For example, following the construction of a fiber-to-the-home municipal network in Monticello, Minnesota, the two other broadband providers in the area made investments in their infrastructure to improve their broadband speeds. One of these providers stated that all of its networks undergo periodic upgrades to improve service, but upgrade schedules can change in order to stay competitive when there is a new service provider in a particular market.

OpenCape: Local Ideas to Maximize Fiber Infrastructure

The OpenCape Network launched about eight months ago to bring better middle mile connectivity to Cape Cod. Reporter Sean Gonsalves explored other possibilities for the 350-mile infrastructure in a recent Cape Cod Online article.

Gonsalves spoke with OpenCape CEO Dan Vorthems. The network was funded with $32 million in American Recovery and Reinvestment Act (ARRA) grants and approximately $8 million in funds from the state, county, and private-sector partner CapeNet. It brings connectivity to 91 community anchor institutions from Provincetown as far west as Providence and Brockton. The idea for the network began with Cape Cod Community College and Woods Hole Oceanographic Institute. Today, OpenCape is a non-profit with Board members from healthcare, higher education, public education, government, and the private sector.

Gonsalves and Vorthems touched on the high hopes for economic development that accompanied the network deployment. When the project began, the dream was to turn Cape Cod into a "Silicon Sandbar." The network is still in its infancy, but new jobs in the area are retail, service, and tourist related rather than high-tech. Residents of Cape Cod were hoping the network would bring better paying positions to meet the high cost of living in the area.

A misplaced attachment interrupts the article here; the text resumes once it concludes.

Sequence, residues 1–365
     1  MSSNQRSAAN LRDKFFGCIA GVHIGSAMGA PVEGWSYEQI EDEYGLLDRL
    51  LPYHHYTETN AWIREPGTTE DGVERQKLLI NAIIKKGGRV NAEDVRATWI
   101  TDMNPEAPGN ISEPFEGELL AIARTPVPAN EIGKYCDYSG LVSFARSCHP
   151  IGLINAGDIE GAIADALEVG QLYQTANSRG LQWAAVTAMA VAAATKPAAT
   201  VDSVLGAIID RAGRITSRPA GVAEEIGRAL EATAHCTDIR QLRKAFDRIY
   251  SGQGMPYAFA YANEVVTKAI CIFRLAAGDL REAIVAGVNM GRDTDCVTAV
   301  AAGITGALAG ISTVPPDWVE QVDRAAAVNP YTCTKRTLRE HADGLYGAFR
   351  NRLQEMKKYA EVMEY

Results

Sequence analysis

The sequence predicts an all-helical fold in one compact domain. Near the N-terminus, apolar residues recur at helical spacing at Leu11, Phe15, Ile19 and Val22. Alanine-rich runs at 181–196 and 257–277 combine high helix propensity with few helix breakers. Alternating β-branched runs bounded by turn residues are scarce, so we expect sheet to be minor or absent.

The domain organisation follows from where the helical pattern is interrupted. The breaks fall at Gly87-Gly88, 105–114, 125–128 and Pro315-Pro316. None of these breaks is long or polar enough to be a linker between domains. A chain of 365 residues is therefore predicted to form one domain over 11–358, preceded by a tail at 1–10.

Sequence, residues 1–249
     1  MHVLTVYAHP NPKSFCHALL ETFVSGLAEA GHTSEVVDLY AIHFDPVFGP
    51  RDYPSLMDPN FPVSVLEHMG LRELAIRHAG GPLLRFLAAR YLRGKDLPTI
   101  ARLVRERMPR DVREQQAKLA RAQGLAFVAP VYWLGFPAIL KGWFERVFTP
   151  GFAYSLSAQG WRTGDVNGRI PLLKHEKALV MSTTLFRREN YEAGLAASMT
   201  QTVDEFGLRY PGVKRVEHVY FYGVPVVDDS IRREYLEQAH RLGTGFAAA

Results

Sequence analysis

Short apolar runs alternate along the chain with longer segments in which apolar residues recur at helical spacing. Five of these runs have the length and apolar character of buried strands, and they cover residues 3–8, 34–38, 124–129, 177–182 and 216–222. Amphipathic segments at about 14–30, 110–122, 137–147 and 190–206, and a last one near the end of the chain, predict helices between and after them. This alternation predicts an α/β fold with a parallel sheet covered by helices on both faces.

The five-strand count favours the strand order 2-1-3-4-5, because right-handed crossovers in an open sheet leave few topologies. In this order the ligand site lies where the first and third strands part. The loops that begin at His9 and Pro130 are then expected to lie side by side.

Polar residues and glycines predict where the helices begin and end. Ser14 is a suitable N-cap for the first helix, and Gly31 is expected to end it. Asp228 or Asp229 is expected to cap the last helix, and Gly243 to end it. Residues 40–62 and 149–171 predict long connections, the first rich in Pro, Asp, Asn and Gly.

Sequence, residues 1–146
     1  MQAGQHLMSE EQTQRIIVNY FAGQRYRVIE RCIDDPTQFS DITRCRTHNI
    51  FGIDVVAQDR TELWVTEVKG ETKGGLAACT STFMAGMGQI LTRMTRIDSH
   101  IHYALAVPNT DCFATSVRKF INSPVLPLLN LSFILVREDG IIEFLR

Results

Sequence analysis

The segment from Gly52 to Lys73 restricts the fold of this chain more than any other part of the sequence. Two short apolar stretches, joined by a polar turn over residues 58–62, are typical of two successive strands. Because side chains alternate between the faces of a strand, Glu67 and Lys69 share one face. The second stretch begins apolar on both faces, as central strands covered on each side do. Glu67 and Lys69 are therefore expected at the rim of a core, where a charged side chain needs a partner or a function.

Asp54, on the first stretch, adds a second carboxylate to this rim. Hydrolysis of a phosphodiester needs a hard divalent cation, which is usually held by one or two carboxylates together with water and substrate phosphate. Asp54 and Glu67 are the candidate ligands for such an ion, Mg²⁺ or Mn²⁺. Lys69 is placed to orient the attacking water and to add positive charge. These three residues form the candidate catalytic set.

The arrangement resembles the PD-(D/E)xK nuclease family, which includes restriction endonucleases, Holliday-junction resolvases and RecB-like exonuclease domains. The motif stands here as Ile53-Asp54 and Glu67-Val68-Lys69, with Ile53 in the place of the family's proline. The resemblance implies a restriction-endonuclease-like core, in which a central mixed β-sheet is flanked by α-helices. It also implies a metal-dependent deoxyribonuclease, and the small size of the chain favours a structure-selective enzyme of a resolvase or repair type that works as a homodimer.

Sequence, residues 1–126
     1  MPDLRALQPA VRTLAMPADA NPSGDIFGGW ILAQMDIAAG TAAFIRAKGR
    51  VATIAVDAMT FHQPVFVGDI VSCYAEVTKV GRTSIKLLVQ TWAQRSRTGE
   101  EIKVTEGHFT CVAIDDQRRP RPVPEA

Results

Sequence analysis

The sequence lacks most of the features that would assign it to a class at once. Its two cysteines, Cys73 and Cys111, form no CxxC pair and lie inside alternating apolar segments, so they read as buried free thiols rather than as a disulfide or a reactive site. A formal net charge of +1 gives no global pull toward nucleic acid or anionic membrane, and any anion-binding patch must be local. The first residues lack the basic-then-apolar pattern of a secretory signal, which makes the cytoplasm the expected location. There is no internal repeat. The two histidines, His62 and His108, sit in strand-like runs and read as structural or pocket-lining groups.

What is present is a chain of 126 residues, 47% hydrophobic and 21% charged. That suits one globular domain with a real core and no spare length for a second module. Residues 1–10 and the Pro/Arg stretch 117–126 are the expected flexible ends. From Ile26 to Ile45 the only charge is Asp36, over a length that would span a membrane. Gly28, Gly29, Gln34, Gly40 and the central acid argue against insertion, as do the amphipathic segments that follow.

Gonsalves takes it one step further and proposes using the network for last mile connections:

Getting the Cape's big data users online opens up all sorts of possibilities. But [what] I wanted to know is when the Cape would get to the point where residential users could access this Internet autobahn capable of reaching speeds of a gigabit per second.

Once that happens, the Cape suddenly becomes a really attractive place for tech-savvy entrepreneurs, small business start-ups, and potential work-from-home employees who now spend hours commuting off-Cape. In the super high-speed tech world, they call that "the last mile."

Governor Patrick expressed his intention to bring better connectivity to underserved communities in his State of the Commonwealth address in January. There are a good number of underserved communities in Massachusetts, especially on the western side of the state, so Vorthems does not anticipate large amounts of state funding to find its way to Cape Cod.

There is a group working to optimize the asset that is already in place. From the article:

In the last few years, an ad hod group called Smarter Cape Partnership — comprising Open Cape, the Cape Cod Commission, Cape Cod Chamber of Commerce, the Cape Cod Technology Council and the Cape Cod Young Professionals — have been working to establish plans to develop shared work spaces for technology oriented start-ups.

"We've been approached by a number of organizations who are interested in doing fiber-to-the-home projects here," he said. "It's a very exciting time."

Vidalia's Broadband Initiative Moves Forward as Free Wi-Fi Comes to Town

Vidalia's plans to offer free Wi-Fi are becoming reality. The Natchez Democrat recently reported that the City launched its free Wi-Fi in its new municipal complex.

Vidalia received a $30,000 grant from the Telecommunications Development Fund (TDF) Foundation to invest in a wireless network to cover the complex. Apparently, visitors to the complex were often surprised to learn that there was no Wi-Fi available. From the article:

[Mayor Hyram] Copeland said the project came about after multiple teams coming to participate in tournaments at the recreation complex asked about Wi-Fi access.

“I was embarrassed to say, ‘No,’ but now I can say we do,” Copeland said. “But the end result of all this is that we will have moved this community forward.”

The next step will be free Wi-Fi along the City's riverfront.

Even though federal American Recovery and Reinvestment Act (ARRA) funds to Louisiana were pulled back, Vidalia decided to press on with its broadband plans. The City has since cultivated several grant sources and is piecing together the funds needed to proceed with its estimated $9 million fiber network. Vidalia wants to develop a smart-grid and potentially provide fiber to every premise.

The community, with some of the highest unemployment rates in the country, sees the presence of better broadband as critical to economic survival. From the article: